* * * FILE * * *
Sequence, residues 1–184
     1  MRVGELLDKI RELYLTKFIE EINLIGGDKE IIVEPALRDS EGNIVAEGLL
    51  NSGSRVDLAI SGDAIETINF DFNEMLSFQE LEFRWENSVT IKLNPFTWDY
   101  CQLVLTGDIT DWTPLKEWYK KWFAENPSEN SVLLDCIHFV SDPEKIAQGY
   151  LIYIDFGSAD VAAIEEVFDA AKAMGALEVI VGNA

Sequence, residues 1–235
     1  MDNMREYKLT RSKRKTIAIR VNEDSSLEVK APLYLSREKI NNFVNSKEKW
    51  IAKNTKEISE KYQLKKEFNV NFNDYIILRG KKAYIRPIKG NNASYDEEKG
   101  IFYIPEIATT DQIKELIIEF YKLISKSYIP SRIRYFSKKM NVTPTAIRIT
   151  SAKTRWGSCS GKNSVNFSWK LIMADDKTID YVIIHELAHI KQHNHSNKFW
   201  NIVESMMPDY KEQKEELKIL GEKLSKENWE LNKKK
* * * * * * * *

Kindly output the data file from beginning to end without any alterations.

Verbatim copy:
Sequence, residues 1–184
     1  MRVGELLDKI RELYLTKFIE EINLIGGDKE IIVEPALRDS EGNIVAEGLL
    51  NSGSRVDLAI SGDAIETINF DFNEMLSFQE LEFRWENSVT IKLNPFTWDY
   101  CQLVLTGDIT DWTPLKEWYK KWFAENPSEN SVLLDCIHFV SDPEKIAQGY
   151  LIYIDFGSAD VAAIEEVFDA AKAMGALEVI VGNA

Sequence, residues 1–235
     1  MDNMREYKLT RSKRKTIAIR VNEDSSLEVK APLYLSREKI NNFVNSKEKW
    51  IAKNTKEISE KYQLKKEFNV NFNDYIILRG KKAYIRPIKG NNASYDEEKG
   101  IFYIPEIATT DQIKELIIEF YKLISKSYIP SRIRYFSKKM NVTPTAIRIT
   151  SAKTRWGSCS GKNSVNFSWK LIMADDKTID YVIIHELAHI KQHNHSNKFW
   201  NIVESMMPDY KEQKEELKIL GEKLSKENWE LNKKK